Effluent spills onroads 'really bad'

Dr Selva Selvarajah
Dr Selva Selvarajah
Stock truck effluent spills on to public roads remain a problem throughout the South, but a recent ruling against Environment Southland's actions in using police to pull over stock trucks for checking might not affect how the Otago Regional Council deals with the issue.

Otago Regional Council director of resource management Selva Selvarajah said the problem was "really bad" in Otago.

"It's a widespread regional problem. We have six sites on State Highway 1 that some trucks aren't using. Central Otago is one of the worst affected areas."

Dr Selvarajah said the transportation of large numbers of dairy cows from Southland to areas such as Upper Clutha and Hawea for wintering was also affecting roads, as there were no effluent collection points after Raes Junction.

Stock effluent spillages on to Otago roads had increased during the winter feeding and grazing period, leading to increased concerns about the health and safety hazard for pedestrians, cyclists, motorcyclists and road workers as well as risks to drivers from obscured vision and slippery road surfaces.

Last year, in a joint operation with Environment Southland, police stopped stock trucks and checked for effluent discharge before and on Gypsy Day, when thousands of cows were being transported for wintering.

In a statement released last week, Environment Southland chief executive Rob Phillips said the council would reconsider its use of the Resource Management Act in its approach to stock trucks discharging effluent on to roads. The move follows a judge's decision to award costs against the council on a case heard last month.

Judge Jeff Smith ruled that the council must pay $5000 towards the legal costs incurred by Euan Shearing Contracting Ltd in preparing its defence relating to an alleged discharge of effluent from a stock truck on May 31 last year. The council had issued a $750 infringement notice against the shearing company, which took the matter to court.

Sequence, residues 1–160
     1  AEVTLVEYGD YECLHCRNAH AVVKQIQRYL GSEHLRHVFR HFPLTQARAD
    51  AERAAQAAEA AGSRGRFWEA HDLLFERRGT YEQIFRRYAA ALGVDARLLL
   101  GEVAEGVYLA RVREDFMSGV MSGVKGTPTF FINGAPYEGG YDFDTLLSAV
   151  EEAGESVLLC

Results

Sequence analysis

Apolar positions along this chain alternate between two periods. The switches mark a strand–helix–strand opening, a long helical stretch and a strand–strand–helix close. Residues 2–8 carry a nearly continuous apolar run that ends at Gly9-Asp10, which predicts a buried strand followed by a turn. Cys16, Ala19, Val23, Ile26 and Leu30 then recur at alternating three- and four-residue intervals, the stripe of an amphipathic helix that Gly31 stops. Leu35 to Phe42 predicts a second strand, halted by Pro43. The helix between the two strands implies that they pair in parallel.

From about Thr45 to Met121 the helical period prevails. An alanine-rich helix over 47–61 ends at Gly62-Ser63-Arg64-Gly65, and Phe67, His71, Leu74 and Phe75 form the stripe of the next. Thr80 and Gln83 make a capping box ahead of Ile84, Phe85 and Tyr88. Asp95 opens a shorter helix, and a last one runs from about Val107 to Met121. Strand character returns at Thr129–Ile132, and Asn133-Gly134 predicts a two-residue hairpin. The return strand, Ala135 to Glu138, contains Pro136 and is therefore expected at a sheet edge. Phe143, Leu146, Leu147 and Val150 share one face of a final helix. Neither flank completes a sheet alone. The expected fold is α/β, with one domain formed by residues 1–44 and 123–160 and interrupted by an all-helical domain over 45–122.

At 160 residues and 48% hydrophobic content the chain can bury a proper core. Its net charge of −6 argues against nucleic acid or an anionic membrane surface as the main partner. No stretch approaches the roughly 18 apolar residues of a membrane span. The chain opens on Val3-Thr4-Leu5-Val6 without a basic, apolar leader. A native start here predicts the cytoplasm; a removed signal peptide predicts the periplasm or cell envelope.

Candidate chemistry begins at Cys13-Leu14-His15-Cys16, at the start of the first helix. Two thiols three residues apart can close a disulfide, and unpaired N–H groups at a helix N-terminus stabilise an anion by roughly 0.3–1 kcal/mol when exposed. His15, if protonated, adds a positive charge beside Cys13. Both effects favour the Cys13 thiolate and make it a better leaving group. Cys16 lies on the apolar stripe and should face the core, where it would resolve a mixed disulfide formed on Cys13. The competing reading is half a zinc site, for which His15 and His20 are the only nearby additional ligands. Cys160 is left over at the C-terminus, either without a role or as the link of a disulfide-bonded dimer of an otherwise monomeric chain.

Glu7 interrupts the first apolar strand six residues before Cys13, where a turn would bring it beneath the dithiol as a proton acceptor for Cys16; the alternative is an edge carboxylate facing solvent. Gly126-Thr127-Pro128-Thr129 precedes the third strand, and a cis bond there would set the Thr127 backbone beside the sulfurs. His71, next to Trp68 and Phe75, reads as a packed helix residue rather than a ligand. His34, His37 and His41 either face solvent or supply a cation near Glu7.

Environment Southland withdrew the prosecution and the company sought costs.

In his ruling, Judge Smith noted that the case was "novel" in that it sought to prove the principle that a discharge of effluent from a vehicle could constitute an offence under the Resource Management Act.

Asked if the decision against Environment Southland affected the Otago Regional Council, Dr Selvarajah said the council had considered a similar approach.

"We did consider that approach for the oncoming season ... we have our multiparty strategy and will consider whether enforcement action will have to be taken during the oncoming season."

Early last month, the regional council convened a meeting of those involved in the movement of stock, including police, the New Zealand Transport Agency and Federated Farmers, to discuss how to reduce the hazard caused on roads by stock truck effluent spills.

Dr Selvarajah said the council would encourage farmers to manage stock in a way that reduced effluent on trucks, working with transport groups to ensure sufficient collection on trucks.

He said the "multiparty" would consider what actions to take in order to combat the problem, and planned to meet sometime in the next six weeks.

-helena.dereus@odt.co.nz